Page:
Serving the scholastic field hockey and lacrosse community since 1998

Dec. 12, 2006 — Freddy Adu and perspective

Freddy Adu is being traded from D.C. United to Real Salt Lake.

Adu, for those of you who might have been living in the wilderness the last few years, was signed by Major League Soccer at the age of 14 and was seen as not only The Golden Child for American soccer, but as a marketing vehicle for MLS, D.C. United, Nike, and the Pepsi brand Sierra Mist. He was compared to Pele, given the ability he showed in the U-17 level. Some of his goals and accomplishments in the youth levels are amongst the most-viewed on YouTube.

But playing amongst men rather than boys, Adu showed mere flashes of brilliance rather than the incandescent fire that was expected of him. He did become a solid professional over the course of three seasons, playing 87 games, but scoring a mere 11 times.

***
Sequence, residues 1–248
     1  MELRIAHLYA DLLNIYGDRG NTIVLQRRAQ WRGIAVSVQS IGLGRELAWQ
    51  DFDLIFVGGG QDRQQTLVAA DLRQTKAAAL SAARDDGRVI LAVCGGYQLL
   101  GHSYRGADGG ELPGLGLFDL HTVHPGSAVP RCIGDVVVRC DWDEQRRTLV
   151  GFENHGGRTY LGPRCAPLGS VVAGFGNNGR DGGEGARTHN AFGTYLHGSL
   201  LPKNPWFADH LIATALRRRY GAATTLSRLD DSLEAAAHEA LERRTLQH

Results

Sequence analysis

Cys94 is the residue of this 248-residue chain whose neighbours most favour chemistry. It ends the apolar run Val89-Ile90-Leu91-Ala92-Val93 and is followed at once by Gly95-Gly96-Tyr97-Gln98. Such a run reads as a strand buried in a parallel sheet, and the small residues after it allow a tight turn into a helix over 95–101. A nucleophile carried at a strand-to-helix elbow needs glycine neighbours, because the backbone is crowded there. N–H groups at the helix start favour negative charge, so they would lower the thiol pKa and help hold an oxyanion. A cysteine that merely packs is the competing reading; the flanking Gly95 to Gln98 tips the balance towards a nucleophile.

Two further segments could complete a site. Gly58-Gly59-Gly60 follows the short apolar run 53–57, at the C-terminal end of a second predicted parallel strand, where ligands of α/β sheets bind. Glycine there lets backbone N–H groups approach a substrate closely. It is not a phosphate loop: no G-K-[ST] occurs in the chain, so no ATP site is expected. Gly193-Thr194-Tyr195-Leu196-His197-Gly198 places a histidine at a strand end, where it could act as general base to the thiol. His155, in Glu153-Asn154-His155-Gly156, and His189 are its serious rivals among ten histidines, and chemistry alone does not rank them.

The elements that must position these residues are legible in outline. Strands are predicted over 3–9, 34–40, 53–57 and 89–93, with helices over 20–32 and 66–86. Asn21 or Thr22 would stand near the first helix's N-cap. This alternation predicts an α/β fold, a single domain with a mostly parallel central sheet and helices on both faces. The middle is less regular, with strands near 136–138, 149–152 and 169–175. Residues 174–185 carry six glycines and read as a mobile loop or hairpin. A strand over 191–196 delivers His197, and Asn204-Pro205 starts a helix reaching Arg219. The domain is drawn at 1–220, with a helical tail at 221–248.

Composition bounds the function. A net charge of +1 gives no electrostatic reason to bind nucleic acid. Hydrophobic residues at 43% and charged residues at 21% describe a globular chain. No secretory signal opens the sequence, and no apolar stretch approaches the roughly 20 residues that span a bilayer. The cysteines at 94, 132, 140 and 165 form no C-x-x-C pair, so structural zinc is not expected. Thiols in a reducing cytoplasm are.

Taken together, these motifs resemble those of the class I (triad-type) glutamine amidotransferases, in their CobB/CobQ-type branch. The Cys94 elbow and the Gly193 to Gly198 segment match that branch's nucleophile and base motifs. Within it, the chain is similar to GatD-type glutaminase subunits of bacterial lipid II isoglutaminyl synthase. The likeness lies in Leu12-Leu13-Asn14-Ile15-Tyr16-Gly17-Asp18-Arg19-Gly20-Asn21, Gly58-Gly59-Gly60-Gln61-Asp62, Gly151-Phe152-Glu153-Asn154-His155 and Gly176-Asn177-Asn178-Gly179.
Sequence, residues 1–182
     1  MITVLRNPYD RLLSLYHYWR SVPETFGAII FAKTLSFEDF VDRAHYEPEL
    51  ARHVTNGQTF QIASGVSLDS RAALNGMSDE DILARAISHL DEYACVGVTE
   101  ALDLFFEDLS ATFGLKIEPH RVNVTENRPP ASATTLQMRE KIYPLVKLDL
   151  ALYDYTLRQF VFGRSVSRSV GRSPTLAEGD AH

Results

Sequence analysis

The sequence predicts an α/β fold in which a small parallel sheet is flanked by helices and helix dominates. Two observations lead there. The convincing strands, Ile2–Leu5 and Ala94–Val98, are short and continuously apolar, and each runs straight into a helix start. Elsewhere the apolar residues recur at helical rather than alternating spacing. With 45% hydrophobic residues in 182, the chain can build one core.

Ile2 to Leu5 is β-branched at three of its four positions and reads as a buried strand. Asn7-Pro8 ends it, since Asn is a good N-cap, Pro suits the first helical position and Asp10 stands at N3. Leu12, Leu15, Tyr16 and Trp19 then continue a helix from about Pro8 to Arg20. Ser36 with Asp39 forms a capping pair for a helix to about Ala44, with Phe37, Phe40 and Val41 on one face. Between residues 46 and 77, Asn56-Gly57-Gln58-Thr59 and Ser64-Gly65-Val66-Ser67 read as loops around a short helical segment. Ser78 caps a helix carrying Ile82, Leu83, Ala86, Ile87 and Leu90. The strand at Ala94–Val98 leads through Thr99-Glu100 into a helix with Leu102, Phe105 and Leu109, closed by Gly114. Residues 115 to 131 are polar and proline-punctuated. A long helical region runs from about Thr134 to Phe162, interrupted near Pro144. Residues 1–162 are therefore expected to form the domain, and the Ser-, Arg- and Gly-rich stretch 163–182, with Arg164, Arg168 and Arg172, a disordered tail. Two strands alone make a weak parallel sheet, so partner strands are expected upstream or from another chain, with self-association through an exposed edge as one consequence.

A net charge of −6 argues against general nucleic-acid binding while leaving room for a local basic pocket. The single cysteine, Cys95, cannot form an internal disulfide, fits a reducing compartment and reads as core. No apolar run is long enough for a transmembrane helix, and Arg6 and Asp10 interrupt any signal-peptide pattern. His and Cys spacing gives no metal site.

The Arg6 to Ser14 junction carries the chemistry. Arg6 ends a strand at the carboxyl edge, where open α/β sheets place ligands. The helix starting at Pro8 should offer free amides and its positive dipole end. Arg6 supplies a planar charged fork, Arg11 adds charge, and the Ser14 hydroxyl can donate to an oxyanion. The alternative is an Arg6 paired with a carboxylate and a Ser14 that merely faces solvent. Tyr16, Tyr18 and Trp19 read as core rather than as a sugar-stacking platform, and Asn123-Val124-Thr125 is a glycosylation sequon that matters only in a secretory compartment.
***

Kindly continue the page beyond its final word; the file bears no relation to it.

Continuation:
Some of those 11 goals were absolutely breathtaking. A free kick from 19 yards that found the upper 90, a solo run at Salt Lake City that began with a “sombrerito” 40 yards out, a last-second deflected goal at Los Angeles.

But in total numbers, Adu’s career goal total is less than his teammate and MLS MVP Christian Gomez scored the entire 2006 season.

Clearly, Adu’s story is becoming one of unmet expectations, especially in the bigger picture of improving the fortunes of the U.S. men’s national team. He has merited only one appearance for the Stars and Stripes, and has not recorded a goal.

Compare that to the youth movement in U.S. field hockey, where teenagers Katelyn Falgowski and Katie O’Donnell have recorded 44 combined caps the last two years, and O’Donnell even has a goal to her credit.

But then again, there is a perspective to be had here. In March, Adu will be preparing for his first season with Real Salt Lake, and once he turns 18, he may be snapped up by a European club for a multimillion-dollar transfer fee.

Meanwhile, O’Donnell and Falgowski will be leading the United States U-21 national team for a warmup tournament in China a few months before the two embark on what could very well be eventful college careers.

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